(championship boxing matches were a distinct product from ordinary
boxing matches); Syufy Enters. v. Am. Multicinema, Inc. (“top-grossing”
first-run films occupied a distinct market from other first-run films);
United States v. Microsoft Corp. (high cost of switching between Win-
dows and Mac OS meant that Windows occupied its own product mar-
ket).

§ 1.2 Product “Submarkets”?


In some cases, it may be appropriate for a court to define a “submar-
ket,” a subset of goods within a market which are sufficiently distinct-
ive to have limited cross-elasticity with other goods within the same
market. See, e.g., Brown Shoe Co. v. United States (a submarket may
exist where products have “peculiar characteristics and uses, unique
production facilities, distinct customers, distinct prices” and so forth);
FTC v. Whole Foods Market, Inc. (“premium, natural, organic super-
market” is a cognizable subclass of supermarkets); FTC v. Staples, Inc.
(“office supply superstores” are a distinct submarket).
A submarket may consist entirely of the products of one firm. See, e.g.,
Eastman Kodak Co. v. Image Tech. Servs., Inc. (distinct submarket for
aftermarket parts and services for Kodak photocopiers). Alternatively,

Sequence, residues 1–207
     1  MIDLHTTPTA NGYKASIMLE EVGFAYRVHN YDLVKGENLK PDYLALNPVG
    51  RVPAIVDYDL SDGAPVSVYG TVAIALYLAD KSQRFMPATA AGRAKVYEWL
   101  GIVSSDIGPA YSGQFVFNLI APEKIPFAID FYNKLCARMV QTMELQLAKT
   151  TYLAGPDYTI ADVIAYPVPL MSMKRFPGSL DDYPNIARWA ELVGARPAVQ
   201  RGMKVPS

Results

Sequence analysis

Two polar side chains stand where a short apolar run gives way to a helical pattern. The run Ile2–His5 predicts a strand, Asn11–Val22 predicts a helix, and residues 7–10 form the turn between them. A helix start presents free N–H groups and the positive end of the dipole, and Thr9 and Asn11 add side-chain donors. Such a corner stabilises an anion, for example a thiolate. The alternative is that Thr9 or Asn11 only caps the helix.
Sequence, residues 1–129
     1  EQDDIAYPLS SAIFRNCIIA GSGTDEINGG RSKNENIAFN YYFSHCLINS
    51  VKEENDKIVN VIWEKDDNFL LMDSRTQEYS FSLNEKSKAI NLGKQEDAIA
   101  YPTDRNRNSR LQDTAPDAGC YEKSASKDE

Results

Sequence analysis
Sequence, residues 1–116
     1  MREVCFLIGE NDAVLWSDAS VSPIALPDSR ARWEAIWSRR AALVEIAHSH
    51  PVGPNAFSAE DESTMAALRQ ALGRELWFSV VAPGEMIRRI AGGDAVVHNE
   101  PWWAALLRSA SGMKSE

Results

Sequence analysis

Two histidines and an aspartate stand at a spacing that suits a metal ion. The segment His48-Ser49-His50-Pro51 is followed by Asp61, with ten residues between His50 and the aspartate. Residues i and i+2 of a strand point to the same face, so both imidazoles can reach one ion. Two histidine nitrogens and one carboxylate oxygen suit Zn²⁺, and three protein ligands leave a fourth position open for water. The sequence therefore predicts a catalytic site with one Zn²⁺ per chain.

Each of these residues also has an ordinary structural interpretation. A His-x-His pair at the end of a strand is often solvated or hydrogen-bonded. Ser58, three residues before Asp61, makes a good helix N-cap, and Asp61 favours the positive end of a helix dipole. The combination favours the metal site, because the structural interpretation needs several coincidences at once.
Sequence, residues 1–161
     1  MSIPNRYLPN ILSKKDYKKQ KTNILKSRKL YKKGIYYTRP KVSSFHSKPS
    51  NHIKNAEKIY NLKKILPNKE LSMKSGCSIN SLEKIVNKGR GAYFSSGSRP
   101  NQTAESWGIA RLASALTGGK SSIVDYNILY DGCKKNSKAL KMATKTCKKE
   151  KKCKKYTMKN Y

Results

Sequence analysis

a submarket may be defined by a bundle of services. See, e.g., United
States v. Philadelphia Nat’l Bank; United States v. Grinnell Corp.
(“central station” alarm services).

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§ 1.3 Geographic Market
Geographic markets generally depend on the extent to which physical
distances impose barriers to entry on would-be competitors. Trans-
portation costs are often a major factor in determining whether a dis-
tant firm is capable of meaningful competition with a local firm. See,
e.g., United States v. Aluminum Co. of Am. (cost of transporting alu-
minum from overseas meant that Alcoa had effective control of the
American market for aluminum).
Furthermore, a firm may be found to have nationwide market power
even if its products are available on a locality-by-locality basis. See,
e.g., United States v. Grinnell Corp. (Grinnell had nationwide market